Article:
When it comes to paragraphs, shorter’s better
Believe it or not, this is an actual paragraph that appeared in an actual publication:
It weighs in at 465 words. It’s the first paragraph in the story. And it appears in an online publication. Can you imagine reading this honker on your phone?
What’s wrong with long paragraphs?
The problem with long paragraphs is that they look hard to read. And because they look hard to read, people don’t read them.
“Long paragraphs are a visual predictor that a story won’t work.”
— Jon Ziomek, associate professor at the Medill School of Journalism
That’s right: Readers skip long paragraphs. So if your paragraph is too long, you might as well stamp on it in red ink, “Don’t bother reading this paragraph. Our lawyers made us add this stuff. We formatted it this way on purpose so you’d skip it.”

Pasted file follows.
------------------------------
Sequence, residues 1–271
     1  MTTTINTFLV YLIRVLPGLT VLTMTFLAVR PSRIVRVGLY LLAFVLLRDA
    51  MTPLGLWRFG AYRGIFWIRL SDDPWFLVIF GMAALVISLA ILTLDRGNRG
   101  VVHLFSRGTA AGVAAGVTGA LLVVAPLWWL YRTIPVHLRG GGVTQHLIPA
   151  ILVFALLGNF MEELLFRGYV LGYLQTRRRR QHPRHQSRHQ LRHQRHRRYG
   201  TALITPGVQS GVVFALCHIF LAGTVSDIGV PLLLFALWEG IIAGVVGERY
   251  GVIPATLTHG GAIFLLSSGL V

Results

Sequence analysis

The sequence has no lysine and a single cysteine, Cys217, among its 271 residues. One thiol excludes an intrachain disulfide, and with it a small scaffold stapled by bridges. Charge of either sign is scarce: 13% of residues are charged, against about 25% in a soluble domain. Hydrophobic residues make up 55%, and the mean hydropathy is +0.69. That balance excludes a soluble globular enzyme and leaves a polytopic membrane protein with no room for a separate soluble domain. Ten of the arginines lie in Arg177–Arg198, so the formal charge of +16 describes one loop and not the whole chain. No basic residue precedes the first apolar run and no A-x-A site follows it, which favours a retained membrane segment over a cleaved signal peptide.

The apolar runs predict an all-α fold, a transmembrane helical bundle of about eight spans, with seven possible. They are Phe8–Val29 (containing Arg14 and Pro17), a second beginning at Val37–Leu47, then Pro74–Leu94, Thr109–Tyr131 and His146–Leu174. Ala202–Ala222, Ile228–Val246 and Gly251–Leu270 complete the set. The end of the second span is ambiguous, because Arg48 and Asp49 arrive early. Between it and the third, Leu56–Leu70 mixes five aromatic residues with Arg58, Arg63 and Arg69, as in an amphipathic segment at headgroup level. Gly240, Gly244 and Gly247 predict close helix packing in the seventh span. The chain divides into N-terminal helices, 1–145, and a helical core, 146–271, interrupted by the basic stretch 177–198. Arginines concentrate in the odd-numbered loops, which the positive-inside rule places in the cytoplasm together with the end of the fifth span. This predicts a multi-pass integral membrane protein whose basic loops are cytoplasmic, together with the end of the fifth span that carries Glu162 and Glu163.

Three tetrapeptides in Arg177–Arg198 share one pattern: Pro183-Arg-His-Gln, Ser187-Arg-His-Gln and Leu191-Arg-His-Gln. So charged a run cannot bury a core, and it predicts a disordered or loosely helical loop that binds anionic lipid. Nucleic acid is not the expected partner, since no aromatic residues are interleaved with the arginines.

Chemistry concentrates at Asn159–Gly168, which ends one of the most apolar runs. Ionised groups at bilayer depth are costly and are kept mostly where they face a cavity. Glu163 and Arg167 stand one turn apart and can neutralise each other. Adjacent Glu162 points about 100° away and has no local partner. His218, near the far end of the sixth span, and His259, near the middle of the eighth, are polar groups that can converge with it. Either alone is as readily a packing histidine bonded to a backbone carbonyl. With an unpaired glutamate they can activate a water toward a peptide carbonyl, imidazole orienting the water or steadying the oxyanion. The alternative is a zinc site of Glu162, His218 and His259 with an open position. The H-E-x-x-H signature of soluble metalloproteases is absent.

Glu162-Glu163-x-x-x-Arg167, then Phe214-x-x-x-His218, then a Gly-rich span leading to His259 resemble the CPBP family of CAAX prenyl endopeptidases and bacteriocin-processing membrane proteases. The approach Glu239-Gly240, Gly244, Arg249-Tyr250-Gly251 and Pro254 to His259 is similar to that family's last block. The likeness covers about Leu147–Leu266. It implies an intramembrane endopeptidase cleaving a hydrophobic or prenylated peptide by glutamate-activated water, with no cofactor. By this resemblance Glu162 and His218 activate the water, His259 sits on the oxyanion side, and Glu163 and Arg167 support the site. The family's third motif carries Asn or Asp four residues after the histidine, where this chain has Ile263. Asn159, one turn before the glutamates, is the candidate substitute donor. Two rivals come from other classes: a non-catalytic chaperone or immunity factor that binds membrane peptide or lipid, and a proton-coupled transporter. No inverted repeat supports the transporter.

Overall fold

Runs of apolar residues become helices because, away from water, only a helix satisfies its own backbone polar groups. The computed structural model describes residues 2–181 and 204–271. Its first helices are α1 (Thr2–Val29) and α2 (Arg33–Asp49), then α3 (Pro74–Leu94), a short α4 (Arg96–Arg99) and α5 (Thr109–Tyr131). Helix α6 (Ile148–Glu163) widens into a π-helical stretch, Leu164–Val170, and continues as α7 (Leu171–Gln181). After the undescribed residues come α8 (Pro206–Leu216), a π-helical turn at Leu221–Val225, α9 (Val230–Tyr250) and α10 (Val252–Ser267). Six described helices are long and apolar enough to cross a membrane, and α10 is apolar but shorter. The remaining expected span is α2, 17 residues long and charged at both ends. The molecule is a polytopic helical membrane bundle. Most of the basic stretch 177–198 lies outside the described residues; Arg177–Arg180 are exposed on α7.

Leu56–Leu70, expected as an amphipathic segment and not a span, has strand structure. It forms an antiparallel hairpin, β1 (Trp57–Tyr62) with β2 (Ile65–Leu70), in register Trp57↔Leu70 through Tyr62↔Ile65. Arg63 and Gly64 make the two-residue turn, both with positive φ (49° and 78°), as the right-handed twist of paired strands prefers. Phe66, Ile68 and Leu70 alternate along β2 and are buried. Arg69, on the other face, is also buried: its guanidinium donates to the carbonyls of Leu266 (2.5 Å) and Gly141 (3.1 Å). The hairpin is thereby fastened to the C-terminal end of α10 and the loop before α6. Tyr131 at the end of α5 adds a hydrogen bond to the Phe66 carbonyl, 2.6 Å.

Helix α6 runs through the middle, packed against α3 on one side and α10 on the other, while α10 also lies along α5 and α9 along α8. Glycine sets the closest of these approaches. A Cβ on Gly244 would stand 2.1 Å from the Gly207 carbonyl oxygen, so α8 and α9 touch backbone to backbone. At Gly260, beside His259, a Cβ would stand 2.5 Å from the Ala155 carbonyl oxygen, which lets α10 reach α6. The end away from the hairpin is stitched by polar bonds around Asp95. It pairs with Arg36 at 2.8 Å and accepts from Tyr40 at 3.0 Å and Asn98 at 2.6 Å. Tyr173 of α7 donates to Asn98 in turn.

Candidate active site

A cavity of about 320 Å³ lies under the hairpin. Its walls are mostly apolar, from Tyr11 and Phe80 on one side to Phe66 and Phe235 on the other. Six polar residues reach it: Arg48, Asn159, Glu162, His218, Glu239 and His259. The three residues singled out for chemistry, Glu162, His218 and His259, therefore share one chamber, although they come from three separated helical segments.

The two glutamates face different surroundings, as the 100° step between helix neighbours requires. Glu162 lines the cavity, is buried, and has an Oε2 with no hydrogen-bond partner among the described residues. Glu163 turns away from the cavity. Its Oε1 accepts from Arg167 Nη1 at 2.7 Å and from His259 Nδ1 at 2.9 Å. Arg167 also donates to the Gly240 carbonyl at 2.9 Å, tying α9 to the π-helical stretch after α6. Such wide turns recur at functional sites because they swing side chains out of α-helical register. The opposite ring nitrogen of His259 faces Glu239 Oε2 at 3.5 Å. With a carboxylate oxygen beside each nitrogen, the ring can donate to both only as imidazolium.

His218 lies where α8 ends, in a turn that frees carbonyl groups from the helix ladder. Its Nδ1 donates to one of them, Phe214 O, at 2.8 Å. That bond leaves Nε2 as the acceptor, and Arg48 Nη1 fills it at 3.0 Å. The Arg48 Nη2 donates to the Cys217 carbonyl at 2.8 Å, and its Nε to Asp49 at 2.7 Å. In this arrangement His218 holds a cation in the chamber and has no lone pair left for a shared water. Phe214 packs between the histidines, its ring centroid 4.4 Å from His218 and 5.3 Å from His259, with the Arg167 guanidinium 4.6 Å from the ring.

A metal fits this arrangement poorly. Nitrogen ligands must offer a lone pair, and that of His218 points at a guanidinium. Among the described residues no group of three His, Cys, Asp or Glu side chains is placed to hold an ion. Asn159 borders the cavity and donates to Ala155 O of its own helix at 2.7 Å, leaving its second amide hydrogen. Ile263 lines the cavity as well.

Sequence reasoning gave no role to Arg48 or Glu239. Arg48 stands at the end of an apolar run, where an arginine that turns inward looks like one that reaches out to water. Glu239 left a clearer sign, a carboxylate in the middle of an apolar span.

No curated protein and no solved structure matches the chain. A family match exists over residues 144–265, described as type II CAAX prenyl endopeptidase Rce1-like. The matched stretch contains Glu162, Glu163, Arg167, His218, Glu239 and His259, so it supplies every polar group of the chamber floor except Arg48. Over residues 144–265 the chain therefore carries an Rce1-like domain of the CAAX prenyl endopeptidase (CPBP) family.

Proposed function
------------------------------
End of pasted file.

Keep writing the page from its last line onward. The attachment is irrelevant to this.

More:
So how long is too long for a paragraph?
How long should your message be?
Would your message be twice as good if it were half as long?
Yes, the research says. The shorter your message, the more likely readers are to read it, understand it and make good decisions based on it.
Find out at Rev Up Readability — our tight-writing workshop, which starts Nov. 14.
There, you’ll use a cool (free!) tool to analyze your message for 27 readability metrics. You’ll leave with quantifiable targets, tips and techniques for measurably boosting readability.
Save up to $100 with our group discounts.